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Rediff.com  » Business » Corporate clients puzzled why Citi went to police

Corporate clients puzzled why Citi went to police

January 03, 2011 11:34 IST

A key question in the minds of people who have been defrauded, including the Hero group, is why Citibank went to police when the matter was close to being resolved? Companies discovered the fraud around a month back and 'the matter was almost resolved', with Shivraj Puri undertaking to return the money, say people in the know.

"Obviously, the bank was sleeping. A branch manager can easily trace the money. It's been a month that the fraud came to light. Neither the bank nor the companies wanted the news to be leaked, as it would have hit their reputation. It is a mystery why the bank went to police when the matter was being resolved,'' a person in the know says.

The Hero group didn't have much to say beyond issuing a statement on Friday.

It transpires that Shivraj Puri, the suave Citi banker, approached corporate clients with a 90-day deposit scheme that promised 2 per cent monthly return.

Treasury chaps, like Hero Corporate Service CFO Sanjay Gupta, keen to show results to their bosses, fell for it. Gupta took the proposal to Hero Corporate Service Chairman Sunil Kant Munjal.

Puri, who many believed to be the grandson of a former banker, dropped big names - like Vikram Pandit (would say how he was trying to turn around Citi and they were pitching in by raising Rs 400 crore through this scheme), or a newsprint importer who had invested - to lure a firm into the deal.

Sunil Munjal did not respond to an SMS query.

Soon, other Hero group companies came to know about this 'wonderful deal,' and many of the entities invested in varying amounts - Rs 10 crore, Rs 20 crore, or Rs 50 crore.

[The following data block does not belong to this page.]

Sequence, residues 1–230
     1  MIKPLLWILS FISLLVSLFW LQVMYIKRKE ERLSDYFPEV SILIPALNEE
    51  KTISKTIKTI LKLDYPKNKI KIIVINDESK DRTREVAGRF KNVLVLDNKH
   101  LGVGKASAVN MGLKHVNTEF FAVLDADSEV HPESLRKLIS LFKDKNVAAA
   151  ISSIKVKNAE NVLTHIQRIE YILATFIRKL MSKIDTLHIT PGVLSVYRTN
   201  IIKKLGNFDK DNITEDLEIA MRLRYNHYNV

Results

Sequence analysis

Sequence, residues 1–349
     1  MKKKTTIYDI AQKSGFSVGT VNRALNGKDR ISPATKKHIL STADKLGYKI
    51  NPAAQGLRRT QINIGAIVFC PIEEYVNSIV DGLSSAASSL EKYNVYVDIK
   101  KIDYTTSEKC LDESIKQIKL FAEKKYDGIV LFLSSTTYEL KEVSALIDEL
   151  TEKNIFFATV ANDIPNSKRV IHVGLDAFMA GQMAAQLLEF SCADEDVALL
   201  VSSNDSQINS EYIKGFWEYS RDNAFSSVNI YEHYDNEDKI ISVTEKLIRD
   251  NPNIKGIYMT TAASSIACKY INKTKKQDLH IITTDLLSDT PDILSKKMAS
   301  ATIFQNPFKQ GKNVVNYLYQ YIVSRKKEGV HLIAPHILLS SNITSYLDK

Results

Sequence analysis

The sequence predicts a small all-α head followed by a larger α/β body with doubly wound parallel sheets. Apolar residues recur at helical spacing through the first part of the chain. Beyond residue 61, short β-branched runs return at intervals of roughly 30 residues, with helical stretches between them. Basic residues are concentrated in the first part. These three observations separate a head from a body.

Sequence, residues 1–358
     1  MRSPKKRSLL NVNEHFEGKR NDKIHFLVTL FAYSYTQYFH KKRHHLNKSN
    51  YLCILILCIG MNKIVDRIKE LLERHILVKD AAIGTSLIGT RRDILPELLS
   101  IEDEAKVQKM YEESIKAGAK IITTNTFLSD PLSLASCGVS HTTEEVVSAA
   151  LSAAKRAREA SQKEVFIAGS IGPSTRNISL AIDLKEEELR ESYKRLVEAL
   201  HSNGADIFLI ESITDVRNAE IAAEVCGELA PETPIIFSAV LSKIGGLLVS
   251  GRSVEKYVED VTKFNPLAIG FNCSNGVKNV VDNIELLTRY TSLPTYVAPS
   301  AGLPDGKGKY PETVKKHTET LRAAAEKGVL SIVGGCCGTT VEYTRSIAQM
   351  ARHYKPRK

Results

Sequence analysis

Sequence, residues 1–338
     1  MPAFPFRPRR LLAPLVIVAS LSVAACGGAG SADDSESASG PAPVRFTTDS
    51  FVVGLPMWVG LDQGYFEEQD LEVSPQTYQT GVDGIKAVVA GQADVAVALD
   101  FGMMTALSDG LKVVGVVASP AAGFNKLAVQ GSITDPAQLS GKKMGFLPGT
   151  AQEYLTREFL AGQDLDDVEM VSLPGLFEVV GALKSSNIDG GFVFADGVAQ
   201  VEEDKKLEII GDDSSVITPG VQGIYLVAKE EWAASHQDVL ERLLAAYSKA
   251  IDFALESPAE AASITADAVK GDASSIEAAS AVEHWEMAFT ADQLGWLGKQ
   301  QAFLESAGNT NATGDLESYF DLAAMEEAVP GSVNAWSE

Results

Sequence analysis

A few of them even asked Puri why it was only 2 per cent and not 3 or 3.5 per cent! Yet, they invested in the 2-per-cent scheme by issuing cheques to Citibank.

Sanjay Gupta became a point of reference for other group companies. Another faction of the Munjal family is feared to have a Rs 75-crore exposure.

"The modus operandi was simple: divert the money to stock markets. It seems it was a structured product, which most people didn't understand, as they could be pure equity or a blended product. Or else, how can they guarantee return? There's no banking instrument that offers 18-24 per cent return. This also highlights the important role CFOs play, as most promoters don't understand these products; the investments are managed by the finance manager," says a Delhi-based CFO.

When the fraud came to light, Puri offered to pay back, willing to even sell his properties. The matter almost got resolved when the bank went to the police, say people in the know.

What prompted it to do so? Was it pressure from Citi's global headquarters to adhere to governance norms? Or, was it simply the branch realising that resolving the fraud was beyond its means? It remains a puzzle for many corporate clients.

 

BS Reporter in New Delhi
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